Rishi Sunak landed in Bali on Monday evening with a clear message to viewers back home: the problems besetting the UK economy are shared with other industrialised nations around the world.
And there are two very good reasons why he has chosen to frame the G20 summit in Indonesia in this way.
Firstly, it’s an attempt by the new prime minister to present domestic economic problems as a consequence of bigger forces than just Conservative party own-goals – although he too admits mistakes were made (to say the least) – as he eyes Thursday’s autumn statement and the reaction to it from voters and MPs with inevitable dread.
Announcing new tax rises and spending cuts when you’re already 20-plus points behind in the polls is hardly something a new prime minister wants to do and how this economic statement will be received is undoubtedly playing on Mr Sunak’s mind.
Secondly, this is a prime minister far more comfortable in economic than foreign policy and in calling on this summit as a moment to discuss with world leaders how to “fix the global economy” (what that means in reality, I’m waiting to see) is a way that Mr Sunk can play to his strengths and show leadership.
And he has had a minor diplomatic win on Monday, as the UK and French governments announced a new deal to try to clamp down on small boat crossings – which has now become, alongside the economic strife, the government’s main policy focus amid alarm of record crossings this year, with more than 40,000 people risking the journey.
The quick deal between London and Paris, scoped out when Mr Sunak met President Macron on the edges of the COP27 summit in Egypt, point to a different approach from a prime minister who is seeking to convey a sense of stability and co-operation of the world stage after the more unpredictable behaviour of both Boris Johnson and Liz Truss.
But how Mr Sunak actually wants to define his foreign policy strategy, beyond co-operation on Ukraine and economic policy with allies, is woolly.
On Ukraine, Mr Sunak told broadcasters on Monday night that he wanted to use the G20 to “condemn” Russia’s war.
He acknowledged too that this group of industrialised nations were divided on the issue of explicitly criticising the invasion, with the Western allies splitting with China and India over their refusal to condemn President Putin’s war, as well as Saudi Arabia, Turkey and South Africa which have rebuffed Western demands to punish Russia for the invasion.
Clearly aligned with the US when it comes to Ukraine, where we might get more clarity from Mr Sunak is around his approach to China at this summit.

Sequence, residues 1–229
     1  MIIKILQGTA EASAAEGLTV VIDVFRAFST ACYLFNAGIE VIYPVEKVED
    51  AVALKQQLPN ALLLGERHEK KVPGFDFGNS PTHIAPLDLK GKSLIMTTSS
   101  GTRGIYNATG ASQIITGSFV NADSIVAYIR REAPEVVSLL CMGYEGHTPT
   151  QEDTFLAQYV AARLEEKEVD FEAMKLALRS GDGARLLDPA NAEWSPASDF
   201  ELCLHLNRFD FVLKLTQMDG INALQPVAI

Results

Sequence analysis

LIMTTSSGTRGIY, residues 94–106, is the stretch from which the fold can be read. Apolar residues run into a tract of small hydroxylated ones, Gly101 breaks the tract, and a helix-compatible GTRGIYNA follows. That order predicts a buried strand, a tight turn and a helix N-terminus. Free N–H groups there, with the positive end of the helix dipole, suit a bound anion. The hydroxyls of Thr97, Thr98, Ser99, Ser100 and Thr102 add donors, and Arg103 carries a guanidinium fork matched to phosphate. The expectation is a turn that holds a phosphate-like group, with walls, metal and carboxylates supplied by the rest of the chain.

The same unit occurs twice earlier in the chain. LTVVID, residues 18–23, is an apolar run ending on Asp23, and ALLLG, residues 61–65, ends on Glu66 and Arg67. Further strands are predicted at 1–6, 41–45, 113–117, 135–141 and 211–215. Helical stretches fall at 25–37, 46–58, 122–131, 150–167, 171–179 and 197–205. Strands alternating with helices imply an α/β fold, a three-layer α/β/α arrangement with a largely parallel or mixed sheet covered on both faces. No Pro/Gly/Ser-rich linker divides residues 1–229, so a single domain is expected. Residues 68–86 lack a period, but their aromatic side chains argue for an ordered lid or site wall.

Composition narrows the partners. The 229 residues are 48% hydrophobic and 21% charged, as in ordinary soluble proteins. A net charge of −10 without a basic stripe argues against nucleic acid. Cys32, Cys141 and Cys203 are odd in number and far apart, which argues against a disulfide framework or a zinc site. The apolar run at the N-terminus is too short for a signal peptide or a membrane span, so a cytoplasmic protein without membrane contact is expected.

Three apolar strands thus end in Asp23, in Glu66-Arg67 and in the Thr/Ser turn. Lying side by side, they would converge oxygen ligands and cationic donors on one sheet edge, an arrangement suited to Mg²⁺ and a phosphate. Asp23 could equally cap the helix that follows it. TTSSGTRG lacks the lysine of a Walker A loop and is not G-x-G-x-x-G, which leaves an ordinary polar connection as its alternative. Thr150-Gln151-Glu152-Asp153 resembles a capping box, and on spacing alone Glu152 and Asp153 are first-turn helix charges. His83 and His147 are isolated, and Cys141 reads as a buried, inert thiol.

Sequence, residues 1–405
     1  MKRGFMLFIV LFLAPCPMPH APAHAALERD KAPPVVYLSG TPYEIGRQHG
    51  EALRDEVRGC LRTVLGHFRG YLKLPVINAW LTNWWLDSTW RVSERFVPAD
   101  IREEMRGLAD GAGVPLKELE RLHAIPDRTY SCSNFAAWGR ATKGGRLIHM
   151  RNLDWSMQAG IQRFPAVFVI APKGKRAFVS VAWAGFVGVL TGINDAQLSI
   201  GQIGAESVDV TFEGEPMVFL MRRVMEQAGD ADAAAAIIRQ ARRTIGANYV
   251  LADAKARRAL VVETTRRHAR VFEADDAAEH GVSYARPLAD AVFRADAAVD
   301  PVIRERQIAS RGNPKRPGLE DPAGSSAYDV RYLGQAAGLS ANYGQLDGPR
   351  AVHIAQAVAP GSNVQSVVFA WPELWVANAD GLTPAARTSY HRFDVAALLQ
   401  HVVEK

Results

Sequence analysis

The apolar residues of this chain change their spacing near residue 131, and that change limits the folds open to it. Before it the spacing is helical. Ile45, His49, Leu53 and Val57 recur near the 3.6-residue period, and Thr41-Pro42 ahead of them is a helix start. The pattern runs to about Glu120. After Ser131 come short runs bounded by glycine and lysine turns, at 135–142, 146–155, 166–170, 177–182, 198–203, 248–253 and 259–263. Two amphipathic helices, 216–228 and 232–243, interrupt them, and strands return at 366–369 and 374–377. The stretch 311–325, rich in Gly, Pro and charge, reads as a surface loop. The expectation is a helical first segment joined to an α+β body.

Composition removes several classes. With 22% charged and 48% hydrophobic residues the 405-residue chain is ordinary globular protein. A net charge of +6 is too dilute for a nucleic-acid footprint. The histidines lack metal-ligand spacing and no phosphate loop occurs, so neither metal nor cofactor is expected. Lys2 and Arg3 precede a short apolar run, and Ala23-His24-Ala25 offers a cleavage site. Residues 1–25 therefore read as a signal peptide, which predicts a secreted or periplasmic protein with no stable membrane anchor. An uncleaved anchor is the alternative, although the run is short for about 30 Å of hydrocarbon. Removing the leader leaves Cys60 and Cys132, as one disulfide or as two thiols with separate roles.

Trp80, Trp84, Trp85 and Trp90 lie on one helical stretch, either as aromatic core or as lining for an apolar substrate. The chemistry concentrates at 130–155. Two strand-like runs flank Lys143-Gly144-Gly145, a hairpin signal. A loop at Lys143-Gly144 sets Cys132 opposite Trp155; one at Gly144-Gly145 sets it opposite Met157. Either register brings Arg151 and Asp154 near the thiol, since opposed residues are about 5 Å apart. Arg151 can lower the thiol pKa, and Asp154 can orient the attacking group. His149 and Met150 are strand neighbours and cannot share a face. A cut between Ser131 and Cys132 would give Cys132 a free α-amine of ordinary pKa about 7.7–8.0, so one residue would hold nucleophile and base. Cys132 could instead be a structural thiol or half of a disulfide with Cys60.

Mr Sunak said he hoped to have a meeting with China’s president at this summit after President Biden’s three-and-a-half hour bilateral on Monday afternoon in which the US leader criticised China’s “increasingly aggressive” actions towards Taiwan, amid growing tension between Washington and Beijing.
For his part, Mr Sunak appears more hawkish on China, seeing the country as presenting a challenge to UK values and interests.
Watch at this summit to see how closely the new PM aligns with the US on China (I suspect it will be very closely) and talk about the UK’s approach to the Indo-Pacific region in the face of growing Chinese aggression.
Concerns about how to contain China’s military ambitions have prompted new arrangements, such as the new ‘Quad’, which includes the US, Japan, Australia and India, and the Aukus pact, a deal that will see the UK and the US help Australia acquire nuclear-powered submarines.
Beyond a dash to COP27, this is the new prime minister’s first big moment on the world stage and he’ll want it to cement new relationships with leaders and flesh out his approach to foreign policy. But what really matters for this PM in the coming weeks is economic policy.
This summit isn’t his real test, that will come on Thursday when his chancellor reveals the autumn statement that these two men have been working on for the past three weeks.
On Monday night, fresh off the heels of his chancellor warning that taxes were going up for everyone, Mr Sunak said he’d have to make “difficult but necessary decisions” this week to ensure stability remains in the markets.
Here he’s dealing with a very unstable global order as the G20 convenes for the first time in its 15-year history with war on the continent of Europe.
But this is a prime minister who also faces a destabilised party and disillusioned public back home. New into No 10 and now tasked with making a string of unpopular announcements, as his premiership gets going in earnest so too do the challenges.